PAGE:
And with that...

Which is bad news for us since they will be able to get away with 2005 sensors in 2025 and marketing dribbling out things over 20 years (so far it's been more than 10 years and they still haven't finished dribbling out something as simple, basic, and zero cost as a truly functional AutoISO, certainly not for anything less than 1 series).

A friend of my brother used to work for Sandisk. He couldn't divulge details about what was in the release pipeline but said that we'd be simply amazed at the tech they had ready for prime time but wouldn't be released for a couple of years. Like Sandisk, any tech company that wants to survive in the long term will do this. You have to have years of new tech in the pipeline to stay competitive.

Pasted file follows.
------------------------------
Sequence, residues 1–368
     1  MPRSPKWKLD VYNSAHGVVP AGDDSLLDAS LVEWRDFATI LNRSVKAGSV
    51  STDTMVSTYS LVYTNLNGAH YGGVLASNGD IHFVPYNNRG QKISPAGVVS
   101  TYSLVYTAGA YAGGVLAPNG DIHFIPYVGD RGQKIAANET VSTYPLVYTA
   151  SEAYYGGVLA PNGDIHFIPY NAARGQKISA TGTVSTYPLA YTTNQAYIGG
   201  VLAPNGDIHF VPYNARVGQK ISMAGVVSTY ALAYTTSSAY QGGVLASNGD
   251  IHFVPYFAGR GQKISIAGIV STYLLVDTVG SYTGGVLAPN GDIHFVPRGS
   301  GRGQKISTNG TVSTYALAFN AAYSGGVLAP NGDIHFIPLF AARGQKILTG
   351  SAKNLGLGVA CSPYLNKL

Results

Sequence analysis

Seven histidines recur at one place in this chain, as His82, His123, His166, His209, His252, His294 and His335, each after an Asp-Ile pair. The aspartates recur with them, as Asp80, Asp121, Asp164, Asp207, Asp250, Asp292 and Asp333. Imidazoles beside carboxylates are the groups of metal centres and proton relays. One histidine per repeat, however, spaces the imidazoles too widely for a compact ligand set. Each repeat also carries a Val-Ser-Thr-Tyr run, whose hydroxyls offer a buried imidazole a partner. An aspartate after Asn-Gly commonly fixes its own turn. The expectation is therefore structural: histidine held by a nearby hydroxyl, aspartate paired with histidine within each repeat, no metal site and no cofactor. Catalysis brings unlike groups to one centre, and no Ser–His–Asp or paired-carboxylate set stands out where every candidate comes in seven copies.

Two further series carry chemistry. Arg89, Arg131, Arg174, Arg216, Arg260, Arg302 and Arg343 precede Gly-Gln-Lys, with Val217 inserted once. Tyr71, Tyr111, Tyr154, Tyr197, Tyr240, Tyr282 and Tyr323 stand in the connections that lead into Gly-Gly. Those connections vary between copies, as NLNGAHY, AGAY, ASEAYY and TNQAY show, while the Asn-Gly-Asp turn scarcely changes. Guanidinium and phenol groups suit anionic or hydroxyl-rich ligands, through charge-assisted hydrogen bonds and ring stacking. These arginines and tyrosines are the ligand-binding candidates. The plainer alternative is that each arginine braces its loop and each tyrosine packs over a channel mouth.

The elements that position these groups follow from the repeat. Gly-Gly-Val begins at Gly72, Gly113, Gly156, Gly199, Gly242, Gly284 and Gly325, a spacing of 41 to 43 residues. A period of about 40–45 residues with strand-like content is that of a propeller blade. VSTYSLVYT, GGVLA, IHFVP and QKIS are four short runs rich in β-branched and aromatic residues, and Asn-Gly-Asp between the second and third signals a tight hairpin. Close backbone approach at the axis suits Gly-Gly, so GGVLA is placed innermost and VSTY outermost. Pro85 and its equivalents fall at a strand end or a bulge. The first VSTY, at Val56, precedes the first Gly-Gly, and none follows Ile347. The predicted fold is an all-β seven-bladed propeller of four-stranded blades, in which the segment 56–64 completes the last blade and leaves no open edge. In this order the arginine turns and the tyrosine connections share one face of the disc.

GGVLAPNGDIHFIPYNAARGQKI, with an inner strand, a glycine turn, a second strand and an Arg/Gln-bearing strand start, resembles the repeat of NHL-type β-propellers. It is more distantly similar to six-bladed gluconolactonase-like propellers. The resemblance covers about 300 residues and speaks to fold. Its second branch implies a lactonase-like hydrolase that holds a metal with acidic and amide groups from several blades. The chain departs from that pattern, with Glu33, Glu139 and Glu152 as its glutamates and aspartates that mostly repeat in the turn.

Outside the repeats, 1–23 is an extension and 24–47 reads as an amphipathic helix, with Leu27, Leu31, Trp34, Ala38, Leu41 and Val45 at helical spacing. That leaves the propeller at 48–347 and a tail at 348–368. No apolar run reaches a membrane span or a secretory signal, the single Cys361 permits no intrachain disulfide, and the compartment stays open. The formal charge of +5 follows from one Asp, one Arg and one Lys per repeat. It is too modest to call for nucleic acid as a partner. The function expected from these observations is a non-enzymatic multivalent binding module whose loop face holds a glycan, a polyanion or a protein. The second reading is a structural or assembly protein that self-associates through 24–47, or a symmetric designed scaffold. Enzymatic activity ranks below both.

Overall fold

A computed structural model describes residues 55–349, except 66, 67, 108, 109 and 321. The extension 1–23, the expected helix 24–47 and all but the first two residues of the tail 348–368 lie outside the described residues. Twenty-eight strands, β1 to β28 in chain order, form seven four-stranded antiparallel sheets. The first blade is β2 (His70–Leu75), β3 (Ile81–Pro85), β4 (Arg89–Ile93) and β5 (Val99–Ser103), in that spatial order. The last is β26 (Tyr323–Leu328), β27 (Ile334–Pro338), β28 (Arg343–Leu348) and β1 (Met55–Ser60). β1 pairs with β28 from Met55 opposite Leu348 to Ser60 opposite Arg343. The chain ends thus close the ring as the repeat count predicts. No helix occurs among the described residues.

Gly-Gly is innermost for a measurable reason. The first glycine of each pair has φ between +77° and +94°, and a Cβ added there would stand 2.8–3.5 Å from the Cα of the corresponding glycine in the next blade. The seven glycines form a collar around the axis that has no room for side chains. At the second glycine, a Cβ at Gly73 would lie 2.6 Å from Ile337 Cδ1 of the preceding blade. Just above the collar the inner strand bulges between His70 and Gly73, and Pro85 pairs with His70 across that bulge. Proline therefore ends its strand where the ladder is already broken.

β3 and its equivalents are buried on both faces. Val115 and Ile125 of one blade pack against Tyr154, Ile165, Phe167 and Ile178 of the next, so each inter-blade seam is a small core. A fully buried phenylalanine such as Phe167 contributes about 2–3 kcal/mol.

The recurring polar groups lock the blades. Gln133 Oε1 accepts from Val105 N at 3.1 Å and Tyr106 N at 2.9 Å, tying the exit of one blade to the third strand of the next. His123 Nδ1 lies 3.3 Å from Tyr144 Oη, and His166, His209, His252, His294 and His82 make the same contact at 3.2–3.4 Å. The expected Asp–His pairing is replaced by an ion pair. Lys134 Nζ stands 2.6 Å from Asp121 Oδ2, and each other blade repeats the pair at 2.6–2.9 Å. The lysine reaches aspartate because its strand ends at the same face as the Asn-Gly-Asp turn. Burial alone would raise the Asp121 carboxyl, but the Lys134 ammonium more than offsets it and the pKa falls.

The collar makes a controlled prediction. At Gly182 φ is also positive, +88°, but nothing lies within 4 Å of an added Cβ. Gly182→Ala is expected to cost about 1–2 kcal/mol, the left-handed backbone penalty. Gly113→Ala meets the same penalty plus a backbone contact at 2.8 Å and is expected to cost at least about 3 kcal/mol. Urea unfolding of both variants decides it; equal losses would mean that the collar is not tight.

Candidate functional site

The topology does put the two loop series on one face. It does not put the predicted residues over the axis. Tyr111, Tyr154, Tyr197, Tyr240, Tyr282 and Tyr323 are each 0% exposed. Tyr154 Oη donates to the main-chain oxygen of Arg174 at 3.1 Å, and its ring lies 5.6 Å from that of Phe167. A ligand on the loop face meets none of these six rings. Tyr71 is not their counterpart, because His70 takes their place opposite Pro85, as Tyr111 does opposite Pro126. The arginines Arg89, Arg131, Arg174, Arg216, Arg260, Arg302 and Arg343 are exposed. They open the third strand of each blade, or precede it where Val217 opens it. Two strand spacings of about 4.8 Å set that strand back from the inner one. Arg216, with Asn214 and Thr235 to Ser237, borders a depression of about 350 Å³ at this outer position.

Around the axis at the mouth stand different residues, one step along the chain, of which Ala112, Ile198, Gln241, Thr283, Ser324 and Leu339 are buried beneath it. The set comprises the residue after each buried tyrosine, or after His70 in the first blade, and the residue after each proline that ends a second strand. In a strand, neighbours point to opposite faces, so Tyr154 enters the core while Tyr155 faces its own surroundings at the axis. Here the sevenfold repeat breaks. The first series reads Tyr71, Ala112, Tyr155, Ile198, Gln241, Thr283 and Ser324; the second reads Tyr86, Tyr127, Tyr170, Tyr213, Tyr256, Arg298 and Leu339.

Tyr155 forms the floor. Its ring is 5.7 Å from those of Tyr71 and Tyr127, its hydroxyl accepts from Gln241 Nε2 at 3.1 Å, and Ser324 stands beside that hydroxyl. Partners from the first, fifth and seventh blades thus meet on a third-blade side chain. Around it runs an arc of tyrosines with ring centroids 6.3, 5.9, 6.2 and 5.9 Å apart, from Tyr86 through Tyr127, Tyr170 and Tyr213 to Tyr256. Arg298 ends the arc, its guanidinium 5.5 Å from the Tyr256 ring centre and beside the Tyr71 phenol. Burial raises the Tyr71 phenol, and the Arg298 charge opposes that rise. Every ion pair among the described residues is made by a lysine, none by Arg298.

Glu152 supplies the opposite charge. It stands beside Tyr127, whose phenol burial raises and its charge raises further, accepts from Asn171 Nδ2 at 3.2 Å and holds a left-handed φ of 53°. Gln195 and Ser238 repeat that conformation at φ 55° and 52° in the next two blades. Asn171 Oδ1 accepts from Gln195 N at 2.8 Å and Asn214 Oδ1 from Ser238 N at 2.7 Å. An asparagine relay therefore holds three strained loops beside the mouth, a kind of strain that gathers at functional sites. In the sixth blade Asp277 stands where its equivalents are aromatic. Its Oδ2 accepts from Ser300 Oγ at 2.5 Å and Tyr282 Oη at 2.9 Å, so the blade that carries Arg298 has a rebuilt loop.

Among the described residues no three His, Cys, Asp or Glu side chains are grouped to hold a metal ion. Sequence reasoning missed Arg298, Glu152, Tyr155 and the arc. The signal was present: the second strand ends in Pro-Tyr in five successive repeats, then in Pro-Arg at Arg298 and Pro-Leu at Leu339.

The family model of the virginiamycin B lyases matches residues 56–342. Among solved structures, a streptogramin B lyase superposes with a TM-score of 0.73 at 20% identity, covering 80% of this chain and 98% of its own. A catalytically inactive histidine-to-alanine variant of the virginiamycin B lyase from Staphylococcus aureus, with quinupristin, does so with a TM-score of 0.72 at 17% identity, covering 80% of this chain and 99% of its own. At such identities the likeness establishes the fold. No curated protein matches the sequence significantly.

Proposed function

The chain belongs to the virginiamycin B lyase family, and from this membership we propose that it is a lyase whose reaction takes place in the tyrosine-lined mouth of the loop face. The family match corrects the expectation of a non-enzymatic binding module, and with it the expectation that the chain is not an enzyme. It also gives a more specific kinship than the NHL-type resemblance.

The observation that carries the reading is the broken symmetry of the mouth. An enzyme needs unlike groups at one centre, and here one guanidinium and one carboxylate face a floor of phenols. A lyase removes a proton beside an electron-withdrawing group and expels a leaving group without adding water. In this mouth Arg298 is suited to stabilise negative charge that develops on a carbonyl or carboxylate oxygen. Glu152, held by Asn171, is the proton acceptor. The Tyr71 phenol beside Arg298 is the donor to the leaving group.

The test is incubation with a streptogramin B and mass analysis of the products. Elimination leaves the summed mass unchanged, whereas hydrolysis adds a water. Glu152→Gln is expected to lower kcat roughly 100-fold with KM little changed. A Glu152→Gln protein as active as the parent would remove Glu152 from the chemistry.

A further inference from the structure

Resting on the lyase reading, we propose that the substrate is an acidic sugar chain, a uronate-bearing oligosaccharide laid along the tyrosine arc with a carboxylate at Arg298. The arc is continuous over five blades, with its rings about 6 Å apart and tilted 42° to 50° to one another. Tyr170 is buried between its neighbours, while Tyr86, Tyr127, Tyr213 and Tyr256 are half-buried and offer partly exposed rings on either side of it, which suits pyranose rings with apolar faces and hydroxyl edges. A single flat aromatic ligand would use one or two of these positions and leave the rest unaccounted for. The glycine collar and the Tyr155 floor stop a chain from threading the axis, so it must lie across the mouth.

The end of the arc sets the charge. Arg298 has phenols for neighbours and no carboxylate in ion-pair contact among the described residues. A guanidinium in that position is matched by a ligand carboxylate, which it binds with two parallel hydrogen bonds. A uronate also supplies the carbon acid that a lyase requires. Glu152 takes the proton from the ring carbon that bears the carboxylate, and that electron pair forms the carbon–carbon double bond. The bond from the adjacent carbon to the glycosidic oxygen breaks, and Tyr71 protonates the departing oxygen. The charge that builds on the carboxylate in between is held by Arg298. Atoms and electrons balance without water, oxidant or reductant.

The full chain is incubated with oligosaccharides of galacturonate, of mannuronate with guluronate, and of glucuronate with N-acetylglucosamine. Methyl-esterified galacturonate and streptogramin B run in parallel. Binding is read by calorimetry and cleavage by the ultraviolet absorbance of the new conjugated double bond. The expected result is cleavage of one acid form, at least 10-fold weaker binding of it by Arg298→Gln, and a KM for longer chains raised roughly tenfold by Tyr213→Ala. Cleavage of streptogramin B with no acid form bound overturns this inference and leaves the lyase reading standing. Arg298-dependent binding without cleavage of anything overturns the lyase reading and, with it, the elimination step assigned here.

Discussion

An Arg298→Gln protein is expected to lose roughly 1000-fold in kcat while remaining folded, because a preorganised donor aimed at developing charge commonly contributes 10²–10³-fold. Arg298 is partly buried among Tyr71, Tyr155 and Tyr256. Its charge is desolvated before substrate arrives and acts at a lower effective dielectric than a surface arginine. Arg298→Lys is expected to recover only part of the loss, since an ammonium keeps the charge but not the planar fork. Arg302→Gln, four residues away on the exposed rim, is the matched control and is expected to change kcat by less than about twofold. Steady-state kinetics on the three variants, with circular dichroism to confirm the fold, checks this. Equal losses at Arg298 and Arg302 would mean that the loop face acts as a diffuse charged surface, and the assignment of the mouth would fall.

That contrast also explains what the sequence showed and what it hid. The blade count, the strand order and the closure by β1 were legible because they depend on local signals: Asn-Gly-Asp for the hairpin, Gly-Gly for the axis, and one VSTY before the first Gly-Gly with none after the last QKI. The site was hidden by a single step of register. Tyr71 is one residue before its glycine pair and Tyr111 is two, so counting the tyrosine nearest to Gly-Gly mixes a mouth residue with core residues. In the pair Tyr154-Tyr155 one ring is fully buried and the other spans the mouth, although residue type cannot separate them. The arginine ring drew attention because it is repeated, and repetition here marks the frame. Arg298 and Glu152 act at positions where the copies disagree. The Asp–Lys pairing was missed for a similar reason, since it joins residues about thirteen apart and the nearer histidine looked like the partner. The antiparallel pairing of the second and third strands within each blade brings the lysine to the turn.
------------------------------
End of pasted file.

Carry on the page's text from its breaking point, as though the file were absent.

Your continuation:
From a business perspective, there are a number of sound reasons to use this strategy:

  • Releasing new generations of tech too rapidly can sometimes make people feel like they just wasted their money because something newer and better just came out. If the expensive new gear is suddenly obsolete, you're less likely to shell out next time (or be tempted to keep waiting for another generation, delaying your purchase -- and revenue to the company).
  • Delaying release of new tech can allow more time to recoup R&D costs, improve production processes and ultimately make products cheaper (how often do we comment about how cheap data storage is these days?).
  • Reserving technology for future release helps to even out the peaks and valleys of advancements in technology from new research. It may be a year or two (or more) before a new technology makes it from research to prototype to mass manufacturing. By waiting to release on a more regular "upgrade path", it masks the varying rate of new development and helps keep the revenue more steady.